Protecting Client Confidentiality

Client Confidentiality
Protecting Client Confidentiality

Doctors are required to protect confidential patient medical information by law with the Health Information Portability and Accountability Act (HIPAA).  Lawyers are held to an attorney-client privilege holding them to strict confidentiality rules.

Consultants are not held to such standards by law.  But any consultant with any level of professional ethics makes sure to keep his or her client’s information safe.  Most consultants don’t give out client information on purpose.  It’s usually done through carelessness and negligence.  What are some of the ways it occurs?

Multitasking


Consultants often work for multiple clients at the same time.  So it happens that they may do some work, even if it includes reading an email, for one client while on site at another.  All it takes is the client to walk up while you’re working on it.  Or, perhaps your mobile phone rings and you have to step away to take the call. If you left a document on your desk or laptop when the client walks up to your desk, you may be revealing confidential information about one client to another.

The best answer is to avoid working on any other work when you’re on a client site other than for that client.  If you happen to open an email with information on another client, take extra care to close it as soon as possible.  Physical documents should always be kept out of site.  They should never be left out for another client to see.  Whenever you leave your desk, make it a habit to lock your computer screen so no one can access it while you’re away.

For more information, see Client Relations for Consultants

Fatal Attachment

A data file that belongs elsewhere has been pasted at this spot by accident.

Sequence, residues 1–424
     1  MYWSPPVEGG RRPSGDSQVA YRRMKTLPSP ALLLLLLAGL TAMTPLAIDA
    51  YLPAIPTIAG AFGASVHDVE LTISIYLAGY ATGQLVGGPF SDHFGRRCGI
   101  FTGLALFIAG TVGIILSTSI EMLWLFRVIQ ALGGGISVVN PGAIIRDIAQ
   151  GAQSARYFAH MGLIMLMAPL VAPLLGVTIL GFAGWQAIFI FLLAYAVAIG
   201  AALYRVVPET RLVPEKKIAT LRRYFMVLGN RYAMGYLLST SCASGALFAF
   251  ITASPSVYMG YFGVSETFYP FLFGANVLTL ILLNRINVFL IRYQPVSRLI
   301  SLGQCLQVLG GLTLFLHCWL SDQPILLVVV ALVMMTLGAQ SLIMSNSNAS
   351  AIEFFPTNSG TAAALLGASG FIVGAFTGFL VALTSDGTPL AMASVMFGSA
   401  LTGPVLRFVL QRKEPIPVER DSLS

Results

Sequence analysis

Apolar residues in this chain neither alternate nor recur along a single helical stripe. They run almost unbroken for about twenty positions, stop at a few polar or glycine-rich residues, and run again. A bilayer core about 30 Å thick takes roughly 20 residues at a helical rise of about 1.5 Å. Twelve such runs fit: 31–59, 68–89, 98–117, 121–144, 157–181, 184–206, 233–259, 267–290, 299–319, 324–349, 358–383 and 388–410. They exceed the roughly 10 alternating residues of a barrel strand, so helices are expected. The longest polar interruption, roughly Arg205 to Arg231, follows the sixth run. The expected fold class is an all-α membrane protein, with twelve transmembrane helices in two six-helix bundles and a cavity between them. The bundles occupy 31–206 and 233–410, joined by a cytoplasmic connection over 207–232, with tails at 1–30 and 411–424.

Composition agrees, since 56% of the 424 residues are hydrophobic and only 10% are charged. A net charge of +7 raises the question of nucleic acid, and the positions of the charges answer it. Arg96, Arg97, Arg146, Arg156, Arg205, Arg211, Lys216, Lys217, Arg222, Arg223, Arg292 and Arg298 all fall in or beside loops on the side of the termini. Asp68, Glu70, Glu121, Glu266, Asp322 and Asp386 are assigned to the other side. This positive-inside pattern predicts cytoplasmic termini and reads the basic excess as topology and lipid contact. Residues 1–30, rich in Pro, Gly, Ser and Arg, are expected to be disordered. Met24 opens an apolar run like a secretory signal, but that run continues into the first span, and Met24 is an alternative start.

Imagine on a hectic day, you need to get some information out to a client.  You quickly type up the email, attach the spreadsheet and hit the send button.  The only problem is that the attachment was another client’s salary schedule.

Extra care needs to be practiced when attaching files.  Data files can often have similar names.  When working with different clients.  It often works to have a two- to three-character prefix to use for each client at the beginning of each data file used for them.  Storing their documents in separate folder structures will also avoid confusing one client’s files with another’s.

Loose Lips

When a consultant is on site at the client, there isn’t always a lot of privacy.  Consultants are lucky to get their own cubicle.  Often, they sit in a team room with a number of fellow consultants mixed in with client personnel. If they get a phone call from another client, their half of the conversation can be heard by many others.  You can step out into a hallway to hold the conversation, but anyone can be lurking around the corner.

Again, if you’re at a client site, you should probably only be working for that client.  There are times when it can’t be avoided.  A private office or a conference room should be found if a phone conversation has to take place with or about another client.  As a last resort, walking out to the parking lot and having the conversation in the car will always work.

See my related post: 5 Steps to Better Client Communication

Client confidentiality on your home turf

Clients are often invited to the consulting firm’s office for meetings or just to impress them with the firm’s facilities.  Sometimes projects are executed from the firm’s offices.  Having the client as a guest in your home office is always a risk. Papers left out and overheard conversations can severely put a client’s confidential information at risk.  Worse yet, when a client is in your office and finds his own information carelessly left out for any other client to see, your credibility is damaged.

When a client is in the office, it’s important to let everyone in the office know who will be on site and for how long.  Make sure to let them know that confidential documents for any client should never be left around. Additionally, conversations regarding any client should be held confidentially in a closed door session.

When client confidentiality is breached, a consultant’s credibility is weakened.  When a client finds information about another client, they tend to wonder if their own information is treated just as carelessly.  For a consultant to remain a credible and trusted advisor, he must be diligent at protecting the client’s confidentiality.

Have you ever made the mistake of breaking client confidentiality?

If you would like to learn more about working in consulting, get Lew’s book Consulting 101: 101 Tips for Success in Consulting at Amazon.com

As always, I welcome your comments and criticisms. 

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